Rowson's long poem first tells the legend of Alcides (an alternate name for the demigod Hercules), and how both Virtue and Vice sought him in his childhood to fight for his soul. Alcides, however, was not tempted by Vice's deceit, however, and even picks an entire oak tree to use as a spear against her. The reader of the legend is also the narrator or speaker in the poem and, so moved by the legend, she wonders if it would be possible for a mortal to have a soul so pure. Right on cue, a vision appears to her of an angelic figure with the word "Independence" on her belt and "Unity" and "Heaven" on her bracelets.
"And who art thou, bright vision?" I enquired;
"My name," she smiling cried, "is Liberty;"
"Oh nymph, by all beloved, by all desired,
"And art thou come," I cried, "to dwell with me?"
"No," said the goddess, "I am come to chide."
"Why dost thou wonder at Alcides' worth?
"Columbia boasts, and she may boast with pride,
"An equal hero's birth.
"The morn which dapples in the east,
"And makes all nature gay,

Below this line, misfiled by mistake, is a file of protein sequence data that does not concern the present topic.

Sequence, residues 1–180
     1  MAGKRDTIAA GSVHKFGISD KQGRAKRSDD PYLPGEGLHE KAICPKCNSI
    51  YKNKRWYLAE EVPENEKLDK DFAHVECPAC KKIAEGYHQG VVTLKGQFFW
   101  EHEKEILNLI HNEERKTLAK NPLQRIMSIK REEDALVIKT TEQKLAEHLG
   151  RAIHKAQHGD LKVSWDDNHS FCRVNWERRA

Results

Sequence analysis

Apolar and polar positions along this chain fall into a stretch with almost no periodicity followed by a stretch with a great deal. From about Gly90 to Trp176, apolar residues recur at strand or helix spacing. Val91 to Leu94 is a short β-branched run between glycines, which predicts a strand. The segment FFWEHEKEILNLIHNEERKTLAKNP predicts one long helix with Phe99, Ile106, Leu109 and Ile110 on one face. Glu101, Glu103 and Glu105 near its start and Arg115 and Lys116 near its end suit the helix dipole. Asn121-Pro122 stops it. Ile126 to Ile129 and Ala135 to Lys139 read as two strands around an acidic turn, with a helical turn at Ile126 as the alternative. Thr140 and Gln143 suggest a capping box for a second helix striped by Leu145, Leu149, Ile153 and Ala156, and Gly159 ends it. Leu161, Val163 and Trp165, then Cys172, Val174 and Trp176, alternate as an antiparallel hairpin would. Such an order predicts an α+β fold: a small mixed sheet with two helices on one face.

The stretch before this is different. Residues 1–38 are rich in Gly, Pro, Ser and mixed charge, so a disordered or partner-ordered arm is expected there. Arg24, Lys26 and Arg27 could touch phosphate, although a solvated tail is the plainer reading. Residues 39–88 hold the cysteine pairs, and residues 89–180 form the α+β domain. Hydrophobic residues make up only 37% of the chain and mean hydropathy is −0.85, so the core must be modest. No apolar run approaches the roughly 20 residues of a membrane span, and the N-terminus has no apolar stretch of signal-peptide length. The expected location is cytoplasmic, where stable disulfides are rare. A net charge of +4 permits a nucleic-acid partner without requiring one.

"Speaks what should be by all exprest;
"Let every face in smiles be drest,
"For 'tis his natal day."
The spirit of Liberty acknowledges that Alcides accomplished great things, but that Adams (named in the poem) is greater, "soaring on superior worth." She then commands the speaker (now, presumably, Rowson herself) to honor him on his birthday by writing a poem:
"Then rise, and tune the vocal lay,
"Invoke the Muse's aid;
"Small is the tribute thou canst pay,
"Yet be that tribute paid,
"And thousands in that tribute will bear part,
"For all conspire to raise the festive lay,
"And as they joyful hail his natal day,
"Pour forth the offerings of a grateful heart."